I read Spinning in the Old Way by Priscilla A. Gibson-Roberts from front to back in two days. I might have finished it in one day if it hadn’t arrived in the late afternoon.
This book is filled with information on spinning tools, fiber types, fiber preparation, spinning techniques, drawing, drafting, woolen yarn, worsted yarn, plying, storage, etc. The parts I found the most helpful to me were the chapters on plying and drawing. Most spinning books quickly mention plying and then move on to other topics. Gibson-Roberts took the time to explain how to ply the yarn and, more importantly, how to make a balanced yarn from two singles that had been resting for a considerable amount of time (since I’m not the fastest spinner in town). The advice was so simple: base the amount of desired twist in the singles and the amount of required ply on a freshly spun length of fiber.
With regards to my anxiety over drawing, the bit of wobbling that I experience in the spindle is normal. All this time, I thought I was doing something wrong on both accounts.
Thus, I happily recommend this book for beginner and new spindle spinners. I wouldn’t presume to tell an experience spinner what s/he may or may not need.
My only qualm about the book – and I knew this before I purchased the book – is that Gibson-Roberts is biased about top whorls. She firmly believes that a top whorl is the Rolls Royce of spindles. She objectively compares the top whorl against the bottom whorl, listing the positives and negatives of each. Then, she quickly and emphatically dismisses the bottom whorl as inferior. Based upon the two designs she lists in the book, I must agree with her assessment. However, she completely ignores and doesn’t even mention my favorite spindle: a Turkish spindle.
Gibson-Roberts’s list of negatives for the bottom whorl:
1. Slower speed, since you are required to flick the shaft rather than roll the shaft up/down your thigh
2. Yarn must be double secured no matter the design: No Hook Design: once underneath the whorl and again with a half-hitch knot at the top of the shaft or Hook Design: once by barber-poling the yarn up the shaft and again by pulling the yarn through the loop on top
The Turkish spindle eliminates problem #2 unless you made the mistake of buying a Turkish spindle with a hook. There’s no need to be ashamed. My first Turkish spindle was from Ashford and came with a hook. It was my first ‘real’ spindle (the cheap bottom whorl spindle I received in a learn-to-spin kit and promptly threw out doesn’t count). As is often the way with new things, I was excited to spin on it and didn’t mind the extra effort that was required. The yarn had to be barber-poled up the shaft before I could pull it through the hook. I didn’t mind the extra work at all; it was so pretty to see the newly spun yarn wrapping its way up the shaft.
By the 10th time, I was starting to get annoyed. So, I tried omitting the barber-pole technique and just pulling the yarn through the hook. Countless number of times I watched the spindle fall onto the floor, unwinding all my pretty yarn. Stubbornly, I muddled through, but eventually I couldn’t take it anymore and retired the spindle to the task of plying-only.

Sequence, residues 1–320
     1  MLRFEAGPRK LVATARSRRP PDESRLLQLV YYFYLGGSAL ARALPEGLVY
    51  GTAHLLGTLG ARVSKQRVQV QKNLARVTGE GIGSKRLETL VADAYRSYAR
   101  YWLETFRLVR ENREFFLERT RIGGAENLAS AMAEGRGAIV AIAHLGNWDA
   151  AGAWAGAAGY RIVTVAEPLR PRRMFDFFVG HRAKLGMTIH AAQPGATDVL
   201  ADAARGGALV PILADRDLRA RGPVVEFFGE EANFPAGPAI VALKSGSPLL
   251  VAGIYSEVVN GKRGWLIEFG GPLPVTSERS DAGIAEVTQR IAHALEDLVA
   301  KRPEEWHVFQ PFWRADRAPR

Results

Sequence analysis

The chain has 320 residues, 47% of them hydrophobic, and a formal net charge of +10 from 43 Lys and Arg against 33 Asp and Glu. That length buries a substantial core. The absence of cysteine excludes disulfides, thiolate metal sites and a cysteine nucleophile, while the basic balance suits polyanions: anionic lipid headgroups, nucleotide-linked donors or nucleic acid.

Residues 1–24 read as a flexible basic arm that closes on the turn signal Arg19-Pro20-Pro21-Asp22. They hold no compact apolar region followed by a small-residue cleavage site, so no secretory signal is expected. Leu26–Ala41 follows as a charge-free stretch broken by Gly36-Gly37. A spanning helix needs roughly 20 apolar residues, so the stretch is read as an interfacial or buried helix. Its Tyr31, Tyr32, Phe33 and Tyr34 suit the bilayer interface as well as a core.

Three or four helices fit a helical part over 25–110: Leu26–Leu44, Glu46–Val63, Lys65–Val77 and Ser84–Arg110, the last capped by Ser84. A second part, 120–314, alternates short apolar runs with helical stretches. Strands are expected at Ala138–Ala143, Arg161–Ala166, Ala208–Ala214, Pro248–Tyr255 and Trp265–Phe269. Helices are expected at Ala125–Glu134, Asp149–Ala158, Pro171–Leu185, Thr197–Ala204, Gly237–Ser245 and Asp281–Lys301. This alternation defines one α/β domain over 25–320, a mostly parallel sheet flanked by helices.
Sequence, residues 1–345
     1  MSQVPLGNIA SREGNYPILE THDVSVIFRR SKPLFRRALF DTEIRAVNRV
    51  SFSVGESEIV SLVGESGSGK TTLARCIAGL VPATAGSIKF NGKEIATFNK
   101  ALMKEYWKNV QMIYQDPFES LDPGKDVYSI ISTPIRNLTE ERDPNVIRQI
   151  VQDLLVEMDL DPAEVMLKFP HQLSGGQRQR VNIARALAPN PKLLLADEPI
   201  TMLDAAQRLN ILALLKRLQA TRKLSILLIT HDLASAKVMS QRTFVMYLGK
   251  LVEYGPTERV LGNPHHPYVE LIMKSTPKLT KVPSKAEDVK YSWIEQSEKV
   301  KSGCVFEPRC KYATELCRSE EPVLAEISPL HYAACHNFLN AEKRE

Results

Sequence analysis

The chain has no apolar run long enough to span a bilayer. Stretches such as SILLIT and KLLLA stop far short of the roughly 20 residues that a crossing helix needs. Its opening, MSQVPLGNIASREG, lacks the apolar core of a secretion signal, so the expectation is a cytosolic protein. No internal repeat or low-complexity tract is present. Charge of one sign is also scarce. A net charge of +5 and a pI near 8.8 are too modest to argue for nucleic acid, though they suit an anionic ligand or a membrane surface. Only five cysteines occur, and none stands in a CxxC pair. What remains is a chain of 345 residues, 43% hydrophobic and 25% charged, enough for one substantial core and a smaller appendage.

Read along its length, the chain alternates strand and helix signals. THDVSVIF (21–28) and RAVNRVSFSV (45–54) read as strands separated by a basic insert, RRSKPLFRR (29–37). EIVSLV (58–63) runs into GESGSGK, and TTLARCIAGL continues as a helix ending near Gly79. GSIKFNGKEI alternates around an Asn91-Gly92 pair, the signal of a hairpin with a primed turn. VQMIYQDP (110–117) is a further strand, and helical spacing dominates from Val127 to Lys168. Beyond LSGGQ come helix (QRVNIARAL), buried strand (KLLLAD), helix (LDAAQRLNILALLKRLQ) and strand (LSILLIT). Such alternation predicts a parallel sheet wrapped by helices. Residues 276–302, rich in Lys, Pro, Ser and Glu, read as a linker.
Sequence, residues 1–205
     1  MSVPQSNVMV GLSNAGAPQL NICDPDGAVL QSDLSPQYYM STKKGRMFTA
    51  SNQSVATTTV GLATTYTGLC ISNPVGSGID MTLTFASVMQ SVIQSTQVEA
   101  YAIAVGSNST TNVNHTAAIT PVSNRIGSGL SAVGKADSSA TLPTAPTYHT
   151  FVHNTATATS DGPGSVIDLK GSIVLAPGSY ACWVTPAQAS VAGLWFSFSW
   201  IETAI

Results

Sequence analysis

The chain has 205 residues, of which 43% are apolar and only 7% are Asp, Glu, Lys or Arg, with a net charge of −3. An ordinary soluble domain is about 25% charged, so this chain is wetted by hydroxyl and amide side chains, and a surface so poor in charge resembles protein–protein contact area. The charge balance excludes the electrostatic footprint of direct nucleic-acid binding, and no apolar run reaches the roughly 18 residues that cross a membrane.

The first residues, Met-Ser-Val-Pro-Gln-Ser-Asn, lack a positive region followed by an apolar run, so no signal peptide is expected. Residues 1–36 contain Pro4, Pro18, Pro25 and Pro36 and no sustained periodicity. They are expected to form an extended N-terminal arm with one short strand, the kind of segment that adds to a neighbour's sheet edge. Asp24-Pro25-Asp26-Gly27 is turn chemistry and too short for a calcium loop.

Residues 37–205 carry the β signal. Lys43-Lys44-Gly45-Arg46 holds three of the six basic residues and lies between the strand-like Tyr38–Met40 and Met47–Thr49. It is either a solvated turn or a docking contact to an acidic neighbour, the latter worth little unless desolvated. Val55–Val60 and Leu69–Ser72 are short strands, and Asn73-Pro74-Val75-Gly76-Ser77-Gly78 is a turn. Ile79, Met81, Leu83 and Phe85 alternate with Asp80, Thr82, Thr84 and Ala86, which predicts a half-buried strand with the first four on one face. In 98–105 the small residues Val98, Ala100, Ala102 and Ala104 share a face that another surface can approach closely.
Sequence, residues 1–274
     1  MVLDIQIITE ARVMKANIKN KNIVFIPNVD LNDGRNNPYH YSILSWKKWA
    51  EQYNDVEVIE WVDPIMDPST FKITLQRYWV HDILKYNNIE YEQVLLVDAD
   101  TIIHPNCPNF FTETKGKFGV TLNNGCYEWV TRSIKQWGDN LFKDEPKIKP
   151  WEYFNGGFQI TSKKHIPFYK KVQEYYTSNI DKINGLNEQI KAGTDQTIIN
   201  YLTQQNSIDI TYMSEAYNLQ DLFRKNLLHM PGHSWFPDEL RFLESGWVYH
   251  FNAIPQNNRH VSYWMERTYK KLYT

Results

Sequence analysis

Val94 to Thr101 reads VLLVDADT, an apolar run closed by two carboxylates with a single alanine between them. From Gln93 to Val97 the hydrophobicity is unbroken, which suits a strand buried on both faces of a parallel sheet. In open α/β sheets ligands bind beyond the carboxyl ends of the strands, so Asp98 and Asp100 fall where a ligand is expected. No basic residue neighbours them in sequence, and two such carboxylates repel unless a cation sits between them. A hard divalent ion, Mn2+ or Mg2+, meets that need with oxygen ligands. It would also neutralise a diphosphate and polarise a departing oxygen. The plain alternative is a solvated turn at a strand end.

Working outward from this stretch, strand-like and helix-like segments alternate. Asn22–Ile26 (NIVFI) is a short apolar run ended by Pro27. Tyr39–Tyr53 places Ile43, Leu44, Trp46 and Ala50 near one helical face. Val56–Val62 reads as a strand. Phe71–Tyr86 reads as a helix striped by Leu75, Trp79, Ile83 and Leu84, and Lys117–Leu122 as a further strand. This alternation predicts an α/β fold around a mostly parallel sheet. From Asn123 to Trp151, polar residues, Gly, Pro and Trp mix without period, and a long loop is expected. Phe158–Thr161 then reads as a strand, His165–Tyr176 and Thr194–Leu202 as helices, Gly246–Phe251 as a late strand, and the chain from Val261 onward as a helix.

If you should ever make the same mistake and buy a Turkish spindle with a hook, carefully take the spindle apart. Extract only the shaft and walk it down to your tool bench. Using a saw, cut that silly hook off. Of course, you could always do what I did. Hand the shaft to your husband and ask him to cut the silly hook off. Dan recommends using a good hack saw. It will cut through both the wood and the hook, leaving the majority of the shaft unmarred. Afterwords, you might want to sand the edges with a fine-grade sandpaper.
With the hook gone, all you have to do is pull the yarn up from where it was wound on, make a half hitch knot at the top of the shaft, and continue spinning the fiber. There is no need for barber-poling, wrapping the yarn around the back of the hook, and/or locating any notches.
As far as Problem #1 goes, I don’t see it as a problem at all. I prefer a slow, steady spin rather than a fast spin.
I mentioned this matter to Dan before I purchased the book and again afterwards. Ever the enabler, he encouraged me to buy a top whorl just to see if it didn’t spin any better than my Jenkins.
How could I say no?
I didn’t buy just any top whorl. I didn’t even buy the beloved top whorl: Golding. Thanks to my hatred of hooks, I searched high and low to find a top whorl spindle without a hook. I’m pleased to say I found it.
Dragoncraft sent some lovely roving with my purchase.
Q. Does the top whorl spin any better than my Jenkins?
A. The jury is still out. I haven’t spun anything in the past week. My wrist was so sore from playing the recorder, which I’ve retired and replaced with the pretty tin whistle Dan bought me for my birthday. The soreness is finally gone and I hope to start a new project tonight. I’ll report back with my very unscientific findings.